Ingredients: You can't really go wrong with liver, minced pork and pork balls. If I had to criticise, it would be that the wontons here had a bit too much skin.

Soup: Fail. Maybe it was early in the day (11am+), but the soup had absolutely no flavour at all. Not even close to Crawford's rich, sweet soup.

Seasoning: Besides the noodles, one could say that this is the most important aspect of bak chor mee. Because I asked for more chilli and vinegar, I got a pretty tasty and flavourful result. Still, it was definitely lacking something, and I can't quite put my finger on it. It didn't have the savoury umani-ness of Crawford's - I reckon it could be the chilli blend, or maybe Crawford adds some secret tare-like concoction to each bowl; who knows?

All things considered, I'd say it was about 65-70% of the original. Given how much less of a palaver it is, I'd say it's acceptable for a quick fix to satisfy a craving, but I'd still go back to Crawford if I had time to kill.

A says:

It's okay. Good but nothing special. And at least there's no queue.

Friday, December 20, 2013


C says:

We celebrated our 10th (!!) anniversary at good ol' Ember. Judging by the clientele (ourselves included), Ember clearly doesn't bother trying to be the coolest place to be; it works on maintaining a consistent standard of excellent food, attracting regulars who want a good meal without the bells and whistles of the latest place to "be and be seen".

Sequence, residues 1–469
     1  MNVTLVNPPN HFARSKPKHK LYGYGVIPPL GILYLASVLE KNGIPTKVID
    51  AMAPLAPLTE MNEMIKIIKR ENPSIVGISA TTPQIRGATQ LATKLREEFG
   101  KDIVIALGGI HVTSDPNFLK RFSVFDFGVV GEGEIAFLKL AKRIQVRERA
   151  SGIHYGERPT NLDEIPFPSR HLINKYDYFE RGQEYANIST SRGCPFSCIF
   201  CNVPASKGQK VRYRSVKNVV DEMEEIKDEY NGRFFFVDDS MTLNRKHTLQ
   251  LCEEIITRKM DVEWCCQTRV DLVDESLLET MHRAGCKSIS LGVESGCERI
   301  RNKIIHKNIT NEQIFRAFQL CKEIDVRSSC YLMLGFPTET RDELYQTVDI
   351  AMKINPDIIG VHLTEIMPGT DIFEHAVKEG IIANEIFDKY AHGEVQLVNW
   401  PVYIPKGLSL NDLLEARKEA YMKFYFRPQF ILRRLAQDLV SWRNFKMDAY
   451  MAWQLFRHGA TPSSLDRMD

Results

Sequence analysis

Because we went on a weekend, we didn't get to order the $100 4-course menu that lets you build your own menu from the a la carte selections - that's only available from Mondays to Thursdays. Luckily, their $88 menu happened to have "our" dish - the Chilean seabass so we both opted for the set.

To start, we had the crab cakes and the scallop carpaccio. The crab cakes definitely outshone the scallop, mainly because they were so aggressively flavoured in comparison.

For the next course, we had the deep fried tofu with foie gras mirin sauce, and the lobster bisque. Both are some of our favourite dishes there, as they represent exactly what we love about Ember - nothing fancy, no unnecessary ingredients, just very balanced flavours and great execution.

The Chilean seabass with bacon and mushroom needs no introduction, and as always, was comforting and satisfying. The beef tenderloin with red wine sauce was good too, but my loyalties are with the seabass.

Finally, A had the banana tart with vanilla ice cream, and I had the pear tart with Baileys ice cream. I think kitchen was in a bit of the weeds at this point, because all the tables seemed to be waiting for their desserts. Eventually they arrived - A's was better than mine this time. The pear tart was weighed down somewhat by the streusel topping.

I know we rave about Ember every year, but I love how a meal there, while not chi-chi or particularly current, is dependably always satisfying. A bit like us, eh?

A says:

Always awesome. Definitely a reliable favourite.

Sunday, December 15, 2013

Our trip to Hong Kong

C says:

We took a whirlwind eating trip to Hong Kong a couple of weeks ago (one reason for the silence on atetoomuch, sorry!). Although Hong Kong definitely has loads of posh European restaurants, we decided to focus our attention on what they do best, and what simply cannot be replicated here.

Dim, sum, cha chan teng, dun nai (steamed milk) and more dun nai. Even A has been converted; the glorious early winter weather certainly didn't hurt. Can't believe it's been 6 years since our last visit - we'll definitely be back again a lot sooner.